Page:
Wing Nicolas Batum had a bad shooting night against the Wizards a couple days ago, but it didn't significantly sink his 47.8 percent shooting from the field the last five games or his 50 percent three-point shooting in that span. Batum contributed with 15 rebounds on Monday -- a big part of his game -- but is probably at his best when he's scoring and creating for his teammates, as well.
Guard Arron Afflalo has cashed in on 44.4 percent of his threes the last five games, performing well in his main role in coach Terry Stotts' offense. He's shot fairly poorly otherwise, though, and he's struggling with fouls. Wade is an expert at taking the ball to the hole and drawing contact, so Afflalo will have to be careful if he wants to log big minutes tonight without sending him to the line for easy points.
Centers Robin Lopez and Chris Kaman have been models of consistency on offense lately, combining for 12-of-18 shooting Monday against the Wizards. Lopez generally takes what the offense gives him and scores off mismatches, put-backs, tip-ins and in single-coverage when he finds himself guarded by a smaller player down low. Kaman, on the other hand, is Portland's most aggressive shot-taker off the bench, often looking for his own offense. Both players have shot about 63 percent from the field the last several games.
Stotts' bench crew consists of Kaman, guards Steve Blake and CJ McCollum, forward Dorell Wright and big man Meyers Leonard. McCollum, Blake and Leonard have all made at least 40 percent of their threes the last five games, all attempting 2-3 a night. Of the five reserves who get the most minutes for Portland, only Kaman has been a factor in every game lately. Blake's been able to produce as a distributor when his shot's off or if he's not getting good looks, but Wright and McCollum both generally need to get into a good shooting rhythm to find success on the floor.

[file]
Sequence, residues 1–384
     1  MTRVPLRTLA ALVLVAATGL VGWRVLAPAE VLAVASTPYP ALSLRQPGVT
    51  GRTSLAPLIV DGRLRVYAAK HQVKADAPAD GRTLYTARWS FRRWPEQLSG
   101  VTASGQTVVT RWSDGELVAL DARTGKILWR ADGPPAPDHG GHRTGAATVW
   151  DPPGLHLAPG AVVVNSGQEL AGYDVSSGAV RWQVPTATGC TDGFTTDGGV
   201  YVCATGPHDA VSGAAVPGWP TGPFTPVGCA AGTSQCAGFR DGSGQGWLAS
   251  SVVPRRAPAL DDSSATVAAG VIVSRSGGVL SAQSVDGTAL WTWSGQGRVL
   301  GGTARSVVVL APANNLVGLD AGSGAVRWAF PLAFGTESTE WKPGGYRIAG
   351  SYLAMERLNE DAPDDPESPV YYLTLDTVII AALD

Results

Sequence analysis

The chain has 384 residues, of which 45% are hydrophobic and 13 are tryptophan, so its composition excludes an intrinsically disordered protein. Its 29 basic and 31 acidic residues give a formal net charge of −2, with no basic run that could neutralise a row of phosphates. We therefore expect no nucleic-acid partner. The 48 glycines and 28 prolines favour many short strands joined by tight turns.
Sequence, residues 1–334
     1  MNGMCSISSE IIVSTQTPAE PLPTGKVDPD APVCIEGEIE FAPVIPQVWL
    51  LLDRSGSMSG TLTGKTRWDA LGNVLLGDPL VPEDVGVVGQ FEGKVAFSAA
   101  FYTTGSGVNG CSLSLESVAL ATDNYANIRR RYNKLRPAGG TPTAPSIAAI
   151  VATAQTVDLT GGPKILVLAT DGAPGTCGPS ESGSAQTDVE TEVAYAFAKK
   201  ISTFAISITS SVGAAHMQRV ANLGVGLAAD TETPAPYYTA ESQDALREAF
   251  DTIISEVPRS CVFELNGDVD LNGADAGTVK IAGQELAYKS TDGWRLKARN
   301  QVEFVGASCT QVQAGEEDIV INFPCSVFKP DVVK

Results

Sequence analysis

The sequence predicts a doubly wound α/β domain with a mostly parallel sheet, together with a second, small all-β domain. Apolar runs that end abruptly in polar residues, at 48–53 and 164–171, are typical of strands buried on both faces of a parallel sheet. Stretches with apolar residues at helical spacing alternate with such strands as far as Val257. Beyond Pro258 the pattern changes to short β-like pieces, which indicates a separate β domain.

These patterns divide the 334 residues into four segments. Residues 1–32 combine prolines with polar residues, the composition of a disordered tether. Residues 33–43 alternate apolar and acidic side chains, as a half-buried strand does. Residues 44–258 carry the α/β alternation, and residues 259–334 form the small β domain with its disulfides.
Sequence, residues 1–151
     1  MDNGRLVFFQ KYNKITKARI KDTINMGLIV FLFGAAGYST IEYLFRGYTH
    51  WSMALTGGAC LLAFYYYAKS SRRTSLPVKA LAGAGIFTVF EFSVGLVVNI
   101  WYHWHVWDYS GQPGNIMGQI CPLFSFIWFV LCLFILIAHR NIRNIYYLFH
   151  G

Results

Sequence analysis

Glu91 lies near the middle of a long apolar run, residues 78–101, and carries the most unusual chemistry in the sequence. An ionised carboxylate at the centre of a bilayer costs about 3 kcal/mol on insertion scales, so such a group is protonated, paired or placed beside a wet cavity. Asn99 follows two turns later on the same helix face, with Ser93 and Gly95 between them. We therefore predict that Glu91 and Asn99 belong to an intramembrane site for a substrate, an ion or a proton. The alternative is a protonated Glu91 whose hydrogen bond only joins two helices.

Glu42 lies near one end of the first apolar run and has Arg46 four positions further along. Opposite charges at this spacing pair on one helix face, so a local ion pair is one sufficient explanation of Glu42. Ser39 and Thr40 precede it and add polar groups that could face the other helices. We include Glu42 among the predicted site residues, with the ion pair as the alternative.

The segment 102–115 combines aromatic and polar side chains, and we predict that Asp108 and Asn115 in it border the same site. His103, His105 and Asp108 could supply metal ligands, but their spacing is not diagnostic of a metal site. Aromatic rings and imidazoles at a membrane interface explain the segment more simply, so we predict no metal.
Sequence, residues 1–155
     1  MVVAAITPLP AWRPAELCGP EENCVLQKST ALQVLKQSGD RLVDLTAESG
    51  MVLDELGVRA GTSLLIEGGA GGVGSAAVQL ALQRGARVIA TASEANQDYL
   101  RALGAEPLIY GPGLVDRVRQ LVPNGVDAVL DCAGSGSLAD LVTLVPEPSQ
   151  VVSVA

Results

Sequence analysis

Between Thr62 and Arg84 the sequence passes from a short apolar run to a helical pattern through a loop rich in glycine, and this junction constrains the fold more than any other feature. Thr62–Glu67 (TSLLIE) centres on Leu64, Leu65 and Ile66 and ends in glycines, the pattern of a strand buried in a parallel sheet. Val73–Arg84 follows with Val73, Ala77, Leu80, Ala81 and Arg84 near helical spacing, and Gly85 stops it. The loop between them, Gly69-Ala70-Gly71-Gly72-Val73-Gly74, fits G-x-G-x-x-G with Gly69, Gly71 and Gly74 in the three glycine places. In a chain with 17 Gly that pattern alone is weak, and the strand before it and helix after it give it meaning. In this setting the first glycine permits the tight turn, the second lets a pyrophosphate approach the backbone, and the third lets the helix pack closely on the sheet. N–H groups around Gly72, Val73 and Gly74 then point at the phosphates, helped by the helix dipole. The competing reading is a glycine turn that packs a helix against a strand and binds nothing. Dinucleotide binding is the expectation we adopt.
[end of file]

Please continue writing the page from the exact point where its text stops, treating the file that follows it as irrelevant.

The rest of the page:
The Blazers have been one of the best rebounding teams in the NBA lately, while the Heat typically fall somewhere on the other end of the spectrum. Whiteside is a beast on the glass -- especially defensively -- and Portland's frontcourt will have to keep a body on him at all times to prevent him from using his length to dominate. Andersen and Haslem are both good rebounders by percentage, and Deng, Walker and Beasley all put in work on the boards from the wings. The Blazers can counter with Aldridge -- one of the NBA's premiere rebounders this year -- along with Kaman and Lopez up front. Batum and Lillard should help offset Miami's active rebounding wings.
The Heat are backed into a corner right now; They can't lose many more games before the playoffs are officially out of reach. As of now, they are clutching to the eighth seed in the East and are just as close to the No. 6 spot as they are the No. 10 spot. Miami is hoping to ride some of the momentum from Monday's big home win over the Cavs into the stretch run of the season, but Portland is also fighting for playoff positioning and certainly won't roll over, especially after the tough loss to Washington a couple days ago.
The Blazers should be able to find holes in Miami's defense, but the Heat usually play tough on that end won't make it easy from the three-point line and especially not at the basket. Portland will have to weather Wade playing probably his best basketball of the season and Dragic's proclivity for scoring in open space, but the Blazers can also overwhelm opposing teams with heavy doses of Aldride, Lillard and three-pointers from the supporting cast. If Portland can find enough lapses in the defense to attack efficiently -- especially from outside -- Miami may not have the artillery to keep up with one of the NBA's most efficient offenses.
-- Chris Lucia | firstname.lastname@example.org | Twitter